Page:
Best of all, Weir revisits many of the themes of Burnett’s novel through a contemporary lens, approaching each character’s journey with sensitivity. Colin stays in his room all the time because of anxiety, while Uncle Archie is grieving the loss of his husband, Masahiro. These updates blend perfectly with some of the most powerful elements from the original story, such as the slow transformation of the garden and the ways that nature and human connection have the ability to heal us.

The Secret Garden on 81st Street is a beautiful and respectful new vision of a long-treasured tale.

—Hannah Lamb

Salt Magic

For the reader who would be more that willing to pay the hero’s price for a thrilling, out-of-this-world adventure

Hope Larson (A Wrinkle in Time: The Graphic Novel) teams up again with illustrator Rebecca Mock, her partner on Compass South, to create Salt Magic, an absorbing and fast-paced historical fantasy adventure.

There’s a hint of The Wizard of Oz to Salt Magic, which begins in our world, then launches its hero on a quest into a new, magical world before she finally returns home again. Twelve-year-old Vonceil is the youngest of five children on an Oklahoma farm in 1919. She is a determined and appealing character whose boredom and angst simmer on every page, perfectly conveyed through her many evocative facial expressions and especially her piercing eyes. 

As the story opens, Vonceil’s beloved brother Elber has finally returned from World War I after two long years away. Physically and mentally, he’s a changed man, and he seems to have no time for the fun he used to share with his littlest sister. Vonceil feels more alone than ever when Elber marries his sweetheart, Amelia, a local girl. Before long, however, a mysterious, wealthy woman in white named Greda appears in their small town. Greda was Elber’s nurse and lover in Paris, and she is so enraged to learn that Elber has married someone else that she curses his family’s farm, turning all of their precious fresh water into salt water. 

Vonceil feels responsible for Greda’s curse, having hoped that Elder would have a fabulous romance with someone from France and resented Amelia for marrying him instead. When she realizes that Greda is a salt witch, she sets out in the dark of night to try to make things right. So begins a fantastical journey that leads Vonceil to uncover not only Greda’s secrets but also numerous revelations about her own ancestors, culminating in a dangerous bargain to save the family farm and Elber’s life.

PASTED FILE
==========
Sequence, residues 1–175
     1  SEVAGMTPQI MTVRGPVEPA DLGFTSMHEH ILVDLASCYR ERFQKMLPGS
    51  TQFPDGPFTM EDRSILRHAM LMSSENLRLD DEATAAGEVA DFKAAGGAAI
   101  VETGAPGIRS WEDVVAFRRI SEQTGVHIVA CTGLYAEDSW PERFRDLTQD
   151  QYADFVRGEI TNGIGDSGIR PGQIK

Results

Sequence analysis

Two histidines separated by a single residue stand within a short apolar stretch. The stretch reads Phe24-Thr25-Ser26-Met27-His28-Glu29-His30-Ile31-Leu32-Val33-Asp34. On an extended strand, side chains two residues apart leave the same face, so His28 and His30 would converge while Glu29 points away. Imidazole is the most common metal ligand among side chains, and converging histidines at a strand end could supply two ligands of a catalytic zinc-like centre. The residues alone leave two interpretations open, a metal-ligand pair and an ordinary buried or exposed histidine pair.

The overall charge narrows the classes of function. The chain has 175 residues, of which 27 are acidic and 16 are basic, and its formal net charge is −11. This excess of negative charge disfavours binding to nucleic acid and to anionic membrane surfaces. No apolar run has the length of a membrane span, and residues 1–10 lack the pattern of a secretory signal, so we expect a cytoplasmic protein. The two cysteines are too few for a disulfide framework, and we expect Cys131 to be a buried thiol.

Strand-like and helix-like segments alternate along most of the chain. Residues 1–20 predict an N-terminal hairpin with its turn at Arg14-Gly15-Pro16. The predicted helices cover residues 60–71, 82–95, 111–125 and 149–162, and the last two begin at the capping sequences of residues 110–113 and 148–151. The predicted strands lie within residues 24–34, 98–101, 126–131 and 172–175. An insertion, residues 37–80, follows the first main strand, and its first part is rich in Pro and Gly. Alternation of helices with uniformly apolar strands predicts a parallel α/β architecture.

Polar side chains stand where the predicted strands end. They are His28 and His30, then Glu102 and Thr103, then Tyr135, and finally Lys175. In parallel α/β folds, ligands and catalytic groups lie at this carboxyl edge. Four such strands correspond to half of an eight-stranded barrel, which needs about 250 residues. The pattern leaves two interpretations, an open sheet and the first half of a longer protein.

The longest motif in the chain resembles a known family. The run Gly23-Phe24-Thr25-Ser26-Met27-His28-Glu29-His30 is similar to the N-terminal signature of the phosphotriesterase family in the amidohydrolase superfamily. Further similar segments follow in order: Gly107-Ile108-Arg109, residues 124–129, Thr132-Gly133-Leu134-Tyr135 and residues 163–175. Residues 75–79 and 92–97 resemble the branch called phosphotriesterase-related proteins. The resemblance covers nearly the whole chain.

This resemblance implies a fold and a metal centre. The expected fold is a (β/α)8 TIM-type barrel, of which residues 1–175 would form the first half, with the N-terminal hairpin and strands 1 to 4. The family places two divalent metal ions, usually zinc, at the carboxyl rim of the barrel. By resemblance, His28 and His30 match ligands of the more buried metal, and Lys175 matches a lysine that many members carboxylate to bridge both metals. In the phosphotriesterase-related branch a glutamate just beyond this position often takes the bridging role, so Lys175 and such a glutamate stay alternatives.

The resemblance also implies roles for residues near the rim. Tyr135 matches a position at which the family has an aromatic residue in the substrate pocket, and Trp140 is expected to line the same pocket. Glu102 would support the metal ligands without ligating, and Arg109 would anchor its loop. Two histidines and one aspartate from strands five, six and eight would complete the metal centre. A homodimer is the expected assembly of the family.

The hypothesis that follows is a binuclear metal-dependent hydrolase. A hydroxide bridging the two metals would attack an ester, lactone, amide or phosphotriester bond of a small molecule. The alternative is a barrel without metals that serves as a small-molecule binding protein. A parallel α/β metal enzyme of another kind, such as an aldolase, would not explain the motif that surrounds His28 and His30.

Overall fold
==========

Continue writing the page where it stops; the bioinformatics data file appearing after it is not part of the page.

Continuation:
Mock’s illustrations make every enchanting, dangerous moment pop. Even a close-up of a seemingly simple handshake between Vonceil and Greta conveys the importance of their dire agreement. Other scenes expertly dramatize the desolate landscape Vonceil traverses, the inescapable power of the all-important salt crystals she discovers and the many strange creatures she encounters along the way. 

Salt Magic is a feast of a tale that treats readers to an epic battle between evil forces and a courageous, persistent young hero.

—Alice Cary

Other Boys

For the reader who needs to hear that they are never as alone as they sometimes might feel

Damian Alexander’s debut graphic memoir, Other Boys, is a powerfully compelling portrait of a boy learning to understand and accept himself.

Damian has always felt different. He and his brother live with their grandmother in a small apartment, because when they were very young, their father murdered their mother. Damian has also always enjoyed things that he thinks boys shouldn’t like, such as dolls, flowers and tea parties. He’s repeatedly been told that he’s too “girly” to fit in with boys, but girls often excluded him from playing with them because he’s a boy. His struggle to understand where he belongs has followed him all the way to middle school.

As he starts seventh grade at a new school, Damian has decided that the best way to avoid being bullied is to give his classmates absolutely nothing to bully him about. Damian is not merely planning to speak only when spoken to or to keep his voice to a whisper; he’s not going to speak at all. To anyone. But his silence doesn’t go unnoticed, and his grandmother arranges for him to see a therapist. With the therapist’s help, Damian begins to understand that he isn’t weird, strange or wrong. Meanwhile, he’s also discovering that not all boys are bullies, and some are even, well, pretty cute. The only way that Damian will find his place is by staying true to himself and finally speaking up.